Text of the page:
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    • Author: Wanenai
    In this 75-minute documentary made in collaboration with RAI television, Comencini continues her preoccupation with work and its role in modern Italy, using a lot of footage from old archival RAI documentaries along with her own films and interpolated voice commentary to trace the story of post-war industrial development through the "economic miracle" of the early Sixties, the major strikes of the early Seventies and the loss of working class power during the Eighties, and the influx of foreign workers now taking the place of the old migrations from the Mezzogiorno to the industrial North, first to Germany, then to Milan and Turin and especially to the FIAT factory.

    It is fascinating to compare the techniques of film-making and the personalities and faces of five decades of the Italian working class and to get a glimpse of some of the leaders of factory worker strikes and revolts during the early Seventies (including PCI leader Enrico Berlinguer, and others). However, the film suffers from a weakness that isn't entirely Comencini's fault: the fading away of the factory worker from the central place he/she had during the grand and turbulent period of Italy's primary economic development. This in part is due to the wave of downsizing in the Eighties. It's also due to the fact that factory workers still do enjoy improvements from the grim early days when southern Italians working at FIAT had to sleep in the Turin railway station because there was no housing they could afford, ten and fifteen year olds had factory jobs, and all production systems made workers mindless cogs in a big machine.

    In the Factory/In fabbrica supplies us with a lot of nostalgic and evocative images and personal voices. Its history of worker organization and major strikes is a bit sketchy. It would have been a better film if the early section was reduced to vignettes and summary and the filmmakers had done more footwork in modern factories, interviewing retired and present-day workers in depth, comparing various current factory working situations, and in general producing an original piece of work rather than a compilation of RAI footage with old and some new voice-overs. For those of us who are only vaguely familiar with most of the material, this is a panorama that's fascinating. But it's a story without an ending, and surely what's happening now is what's most important to know about given the uncertain picture of working class today.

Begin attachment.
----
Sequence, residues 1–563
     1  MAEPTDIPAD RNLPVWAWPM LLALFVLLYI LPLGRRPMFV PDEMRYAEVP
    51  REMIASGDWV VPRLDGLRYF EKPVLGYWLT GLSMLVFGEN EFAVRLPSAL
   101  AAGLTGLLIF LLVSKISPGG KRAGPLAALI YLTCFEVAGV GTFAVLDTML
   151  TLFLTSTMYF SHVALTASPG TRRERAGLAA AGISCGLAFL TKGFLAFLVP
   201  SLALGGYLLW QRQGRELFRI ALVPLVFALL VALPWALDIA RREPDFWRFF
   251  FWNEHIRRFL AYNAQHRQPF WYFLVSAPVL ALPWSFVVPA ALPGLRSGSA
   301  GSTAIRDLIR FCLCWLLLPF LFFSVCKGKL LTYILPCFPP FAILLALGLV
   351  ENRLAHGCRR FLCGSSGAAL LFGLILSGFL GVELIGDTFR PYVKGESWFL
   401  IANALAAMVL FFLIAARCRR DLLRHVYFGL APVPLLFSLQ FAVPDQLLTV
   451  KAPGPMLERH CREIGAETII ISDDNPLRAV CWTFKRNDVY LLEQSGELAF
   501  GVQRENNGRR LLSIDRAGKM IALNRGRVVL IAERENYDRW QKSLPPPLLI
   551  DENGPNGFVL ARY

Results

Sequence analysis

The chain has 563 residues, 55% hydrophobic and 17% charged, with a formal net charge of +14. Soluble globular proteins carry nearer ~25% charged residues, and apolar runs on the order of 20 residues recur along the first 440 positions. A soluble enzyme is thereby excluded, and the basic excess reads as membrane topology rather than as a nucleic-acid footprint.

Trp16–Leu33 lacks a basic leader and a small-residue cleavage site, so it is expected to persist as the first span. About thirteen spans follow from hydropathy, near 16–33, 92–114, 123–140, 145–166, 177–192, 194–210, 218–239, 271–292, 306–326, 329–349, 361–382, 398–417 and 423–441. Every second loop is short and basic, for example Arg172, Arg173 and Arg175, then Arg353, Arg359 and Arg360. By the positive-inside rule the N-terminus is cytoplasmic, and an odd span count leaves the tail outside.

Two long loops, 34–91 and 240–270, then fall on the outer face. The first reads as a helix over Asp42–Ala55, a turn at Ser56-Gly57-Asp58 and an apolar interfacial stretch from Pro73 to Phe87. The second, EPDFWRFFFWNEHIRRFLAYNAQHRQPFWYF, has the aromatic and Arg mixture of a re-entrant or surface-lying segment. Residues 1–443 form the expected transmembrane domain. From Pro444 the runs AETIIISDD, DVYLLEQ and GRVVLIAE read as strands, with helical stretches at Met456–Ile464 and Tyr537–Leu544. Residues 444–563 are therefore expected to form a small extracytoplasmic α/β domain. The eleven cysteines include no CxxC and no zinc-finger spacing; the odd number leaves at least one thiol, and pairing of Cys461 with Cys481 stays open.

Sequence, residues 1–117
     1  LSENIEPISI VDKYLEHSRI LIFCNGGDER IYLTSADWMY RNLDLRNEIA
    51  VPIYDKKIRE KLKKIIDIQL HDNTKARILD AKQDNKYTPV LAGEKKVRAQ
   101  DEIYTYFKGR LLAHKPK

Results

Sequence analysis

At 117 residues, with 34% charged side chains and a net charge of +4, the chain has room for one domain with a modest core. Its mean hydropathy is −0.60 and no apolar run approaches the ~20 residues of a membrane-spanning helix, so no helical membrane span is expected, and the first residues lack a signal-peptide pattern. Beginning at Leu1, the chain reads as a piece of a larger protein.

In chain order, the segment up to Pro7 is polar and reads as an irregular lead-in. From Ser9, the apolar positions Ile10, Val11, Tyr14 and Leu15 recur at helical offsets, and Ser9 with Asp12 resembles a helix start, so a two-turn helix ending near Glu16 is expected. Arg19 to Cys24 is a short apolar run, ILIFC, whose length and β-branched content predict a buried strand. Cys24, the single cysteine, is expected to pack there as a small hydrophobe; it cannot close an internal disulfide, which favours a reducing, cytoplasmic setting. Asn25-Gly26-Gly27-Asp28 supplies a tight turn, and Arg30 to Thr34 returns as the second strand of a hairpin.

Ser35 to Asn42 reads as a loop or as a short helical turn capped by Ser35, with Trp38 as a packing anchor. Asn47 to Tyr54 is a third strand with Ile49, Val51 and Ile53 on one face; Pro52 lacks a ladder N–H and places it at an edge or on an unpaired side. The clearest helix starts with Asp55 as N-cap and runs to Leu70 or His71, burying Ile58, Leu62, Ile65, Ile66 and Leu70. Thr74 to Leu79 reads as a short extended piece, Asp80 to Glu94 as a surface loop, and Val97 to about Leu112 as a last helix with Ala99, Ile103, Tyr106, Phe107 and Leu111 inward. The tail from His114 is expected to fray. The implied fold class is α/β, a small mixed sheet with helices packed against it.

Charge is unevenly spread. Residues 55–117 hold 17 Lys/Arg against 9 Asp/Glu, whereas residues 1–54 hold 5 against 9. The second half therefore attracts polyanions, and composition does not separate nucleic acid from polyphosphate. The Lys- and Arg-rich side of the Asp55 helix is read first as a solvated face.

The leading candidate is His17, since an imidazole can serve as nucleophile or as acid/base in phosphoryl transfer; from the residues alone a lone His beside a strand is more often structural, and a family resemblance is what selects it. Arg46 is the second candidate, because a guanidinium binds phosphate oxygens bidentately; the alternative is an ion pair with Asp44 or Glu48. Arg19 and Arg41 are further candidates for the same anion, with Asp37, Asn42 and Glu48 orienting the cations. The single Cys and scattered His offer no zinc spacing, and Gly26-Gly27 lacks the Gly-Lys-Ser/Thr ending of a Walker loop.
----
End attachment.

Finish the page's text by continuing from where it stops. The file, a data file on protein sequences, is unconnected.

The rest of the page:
Francesca Comencini is one of four daughters of mainstream "commedia all'italiana filmmaker Luigi Comencini, considered one of the masters of Italian film comedy along with with Dino Risi, Ettore Scola and Mario Monicelli.

    Shown as part of the Open Roads: New Italian Cinema series at Lincoln Center in June 2008.
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